Friday, October 05, 2012

Gimleteye: "Who could have predicted that the cool Miami Marlins stadium would look out of place so soon?"

I'd nearly missed Linda Robertson's question in a recent Miami Herald column, "Marlins' high hopes crumbling away." (Sept. 22, 2012) But I will answer it, anyway.

On the Marlins Stadium, the Performing Arsht Center, and other pending monuments to vanity, Eye on Miami feels like the smart kid who regularly raises his hand when the teacher asks, who has the answer? and then pays for it later in the school yard. In our case what that means is that the views we express on this blog, where there are no advertisers calling to complain to the publisher about "negative" stories, rarely make it to the Herald.

"Who could have predicted that the cool landmark (ie. baseball stadium) would look out of place so soon?" (Hand goes up.) We did.

I recall a conversation with Tom Fiedler long ago. Tom was the former managing editor of the Miami Herald. A great guy and, for the record, a much more talented writer on politics than newspaper manager. We bumped into each other in a bus on Key Biscayne, from the general parking lot out to the Lipton tennis tournament in the late 1990's. It was so long ago Roger Federer wasn't even famous yet.

Tom was an unabashed enthusiast for a downtown stadium, along with the rest of the Herald brass. The idea had been percolating and Tom had written in support. I told Tom, my view was that Miami had better things to spend its money on. Like reorganizing Bayside Market and the waterfront to create some kind of durable urban fabric, or, wastewater and water projects that were obvious, glaring black holes.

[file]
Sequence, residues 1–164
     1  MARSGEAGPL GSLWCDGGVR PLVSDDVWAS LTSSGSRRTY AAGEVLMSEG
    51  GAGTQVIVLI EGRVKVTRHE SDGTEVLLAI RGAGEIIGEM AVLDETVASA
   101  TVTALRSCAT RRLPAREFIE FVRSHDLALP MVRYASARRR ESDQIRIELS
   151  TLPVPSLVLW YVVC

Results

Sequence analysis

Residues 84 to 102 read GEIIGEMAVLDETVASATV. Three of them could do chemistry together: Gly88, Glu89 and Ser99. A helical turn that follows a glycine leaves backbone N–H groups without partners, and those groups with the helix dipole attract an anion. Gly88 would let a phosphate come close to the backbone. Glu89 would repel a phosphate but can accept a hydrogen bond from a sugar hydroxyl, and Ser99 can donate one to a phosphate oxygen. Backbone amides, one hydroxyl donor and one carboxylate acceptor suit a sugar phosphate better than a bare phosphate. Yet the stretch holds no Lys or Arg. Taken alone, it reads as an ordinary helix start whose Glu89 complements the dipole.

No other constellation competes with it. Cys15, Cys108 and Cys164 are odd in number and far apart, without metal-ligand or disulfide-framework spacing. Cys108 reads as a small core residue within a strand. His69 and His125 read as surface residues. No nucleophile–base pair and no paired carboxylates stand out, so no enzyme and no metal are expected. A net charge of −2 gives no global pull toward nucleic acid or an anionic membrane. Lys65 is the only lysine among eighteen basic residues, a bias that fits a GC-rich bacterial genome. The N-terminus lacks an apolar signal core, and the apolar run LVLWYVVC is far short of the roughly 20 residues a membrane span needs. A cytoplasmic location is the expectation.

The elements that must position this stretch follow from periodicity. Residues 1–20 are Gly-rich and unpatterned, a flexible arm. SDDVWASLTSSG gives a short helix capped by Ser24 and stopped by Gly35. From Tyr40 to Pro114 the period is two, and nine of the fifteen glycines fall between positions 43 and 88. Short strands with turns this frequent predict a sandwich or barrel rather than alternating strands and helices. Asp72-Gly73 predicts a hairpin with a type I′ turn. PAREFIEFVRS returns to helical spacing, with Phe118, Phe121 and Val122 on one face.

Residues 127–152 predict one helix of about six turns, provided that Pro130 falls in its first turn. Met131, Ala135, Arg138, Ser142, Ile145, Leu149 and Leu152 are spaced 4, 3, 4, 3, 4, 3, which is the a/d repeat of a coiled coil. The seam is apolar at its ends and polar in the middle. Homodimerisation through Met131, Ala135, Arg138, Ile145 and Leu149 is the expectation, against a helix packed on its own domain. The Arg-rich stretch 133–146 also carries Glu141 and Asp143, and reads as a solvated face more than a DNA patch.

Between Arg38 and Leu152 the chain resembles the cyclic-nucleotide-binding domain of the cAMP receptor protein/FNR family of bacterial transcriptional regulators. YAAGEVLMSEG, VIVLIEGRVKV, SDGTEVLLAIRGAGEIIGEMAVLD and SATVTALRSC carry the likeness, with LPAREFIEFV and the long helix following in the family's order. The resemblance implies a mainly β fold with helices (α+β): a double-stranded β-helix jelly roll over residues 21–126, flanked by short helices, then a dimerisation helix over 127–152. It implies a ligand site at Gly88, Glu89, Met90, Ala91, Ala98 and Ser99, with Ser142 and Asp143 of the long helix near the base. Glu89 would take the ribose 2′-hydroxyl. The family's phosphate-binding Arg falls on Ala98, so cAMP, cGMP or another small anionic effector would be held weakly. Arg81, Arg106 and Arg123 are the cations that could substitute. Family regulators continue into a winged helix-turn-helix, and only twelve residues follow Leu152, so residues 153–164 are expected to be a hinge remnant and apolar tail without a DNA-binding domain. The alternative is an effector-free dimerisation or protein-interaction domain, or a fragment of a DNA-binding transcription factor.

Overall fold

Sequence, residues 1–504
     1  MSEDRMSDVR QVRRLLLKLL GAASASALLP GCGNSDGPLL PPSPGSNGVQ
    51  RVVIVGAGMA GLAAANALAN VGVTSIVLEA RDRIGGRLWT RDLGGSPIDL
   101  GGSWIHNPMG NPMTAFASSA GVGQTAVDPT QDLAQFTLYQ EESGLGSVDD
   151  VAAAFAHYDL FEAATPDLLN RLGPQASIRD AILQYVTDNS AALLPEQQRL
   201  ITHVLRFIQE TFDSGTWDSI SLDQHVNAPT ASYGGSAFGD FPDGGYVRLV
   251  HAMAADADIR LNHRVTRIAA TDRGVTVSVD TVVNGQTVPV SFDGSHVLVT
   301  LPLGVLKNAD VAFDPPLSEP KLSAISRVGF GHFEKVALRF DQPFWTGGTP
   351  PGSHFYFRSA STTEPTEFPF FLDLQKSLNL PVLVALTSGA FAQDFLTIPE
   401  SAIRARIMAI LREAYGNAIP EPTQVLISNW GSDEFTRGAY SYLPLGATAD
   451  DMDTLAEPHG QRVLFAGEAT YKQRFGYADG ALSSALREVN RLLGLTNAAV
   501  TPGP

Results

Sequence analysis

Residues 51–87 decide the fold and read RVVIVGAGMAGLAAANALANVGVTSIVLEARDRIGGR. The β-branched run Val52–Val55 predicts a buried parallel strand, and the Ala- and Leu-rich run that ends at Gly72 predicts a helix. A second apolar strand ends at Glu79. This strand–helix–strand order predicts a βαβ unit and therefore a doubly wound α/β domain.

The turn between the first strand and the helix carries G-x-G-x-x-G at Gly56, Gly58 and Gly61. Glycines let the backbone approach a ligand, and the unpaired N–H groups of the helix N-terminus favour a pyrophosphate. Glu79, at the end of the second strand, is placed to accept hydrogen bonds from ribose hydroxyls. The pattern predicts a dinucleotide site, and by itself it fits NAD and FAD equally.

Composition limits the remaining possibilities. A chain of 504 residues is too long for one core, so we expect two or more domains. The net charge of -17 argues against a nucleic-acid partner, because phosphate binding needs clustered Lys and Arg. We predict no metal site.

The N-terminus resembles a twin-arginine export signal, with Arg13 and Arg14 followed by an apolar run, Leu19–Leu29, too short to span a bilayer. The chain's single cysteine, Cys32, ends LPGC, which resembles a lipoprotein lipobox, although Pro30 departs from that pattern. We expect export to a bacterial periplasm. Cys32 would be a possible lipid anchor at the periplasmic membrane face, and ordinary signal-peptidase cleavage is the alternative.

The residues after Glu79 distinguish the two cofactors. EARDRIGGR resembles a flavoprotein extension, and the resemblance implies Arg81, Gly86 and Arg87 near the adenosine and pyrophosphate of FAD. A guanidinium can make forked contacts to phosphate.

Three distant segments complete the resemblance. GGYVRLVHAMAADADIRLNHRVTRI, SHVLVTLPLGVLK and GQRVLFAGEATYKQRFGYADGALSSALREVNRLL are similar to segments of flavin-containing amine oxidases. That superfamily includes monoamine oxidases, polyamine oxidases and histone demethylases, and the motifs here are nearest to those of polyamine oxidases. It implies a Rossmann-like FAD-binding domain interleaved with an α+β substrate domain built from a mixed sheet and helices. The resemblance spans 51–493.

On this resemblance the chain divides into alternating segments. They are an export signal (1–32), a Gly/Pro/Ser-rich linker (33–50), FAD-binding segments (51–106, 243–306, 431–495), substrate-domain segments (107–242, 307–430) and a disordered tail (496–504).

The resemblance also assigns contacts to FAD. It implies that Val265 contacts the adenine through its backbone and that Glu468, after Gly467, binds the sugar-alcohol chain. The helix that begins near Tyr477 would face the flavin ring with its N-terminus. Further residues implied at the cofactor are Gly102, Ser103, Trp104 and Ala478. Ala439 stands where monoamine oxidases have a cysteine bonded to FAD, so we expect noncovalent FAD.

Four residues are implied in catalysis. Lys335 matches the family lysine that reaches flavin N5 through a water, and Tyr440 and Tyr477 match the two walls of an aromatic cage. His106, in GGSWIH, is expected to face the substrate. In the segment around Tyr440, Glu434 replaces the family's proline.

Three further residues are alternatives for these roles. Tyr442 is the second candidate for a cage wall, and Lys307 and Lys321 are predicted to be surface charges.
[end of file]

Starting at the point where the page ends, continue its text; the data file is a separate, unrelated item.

We know how that turned out. Is anyone surprised that Miami Dade has violated the terms of its 1990's era settlement agreement with EPA to clean our waters? (This would be a good place not to raise your hand.)

Now taxpayers owe Billions and are sitting with a cool billion in debt on various monuments that are poorly sited and scarcely deliver on the promise the harmonious civic life that the cement and steel Growth Machine demanded.

On the other hand, there is Miguel Cabrera, bless his soul: .330, 44 homers and 139 RBIs.

Cabrera has been the AL's best hitter since leaving the Marlins in a trade after the 2007 season. Now he is the first Triple Crown winner since Carl Yaztremski. One of the points of view we regularly express at EOM is that what Florida does best is destroy value. But I'm not going to draw that analogy with the Cabrera trade.

I used to have a baseball card of Yaz and somewhere lost it along the way.

The same will be true of these bone-headed commitments of tax payer dollars. Behind them are a thousand controversies, protests, petition writing, and imploring by civic activists. These stories are largely unwritten and unpublished by the Herald and other mainstream media as they happen. The perpetrators (also called 'winners'), elected or lobbyists, will do their time in the public sector, pay bills and mortgages, perhaps for homes and houses they should not have bought and could not reasonably afford, piling hunger into the void. Robertson writes of the dismal scene unfolding in Little Havana, "The City of Miami made ham-handed attempts to recruit upscale restaurants and retail to its parking garage storefronts in a neighborhood where such businesses made no sense. They remain empty." Duh.

"Hindsight is 20-20", says Robertson, perhaps anticipating or nodding our way. But this where we get to raise our hands again: in the big picture, decision makers use the same excuse.

Having a critical view that draws an analogy between the Miami Marlins and our wider, community issues is not a case of backseat driving or Monday morning quarterbacking. It is also not strictly negativity. To know where you are going, you have to understand the past.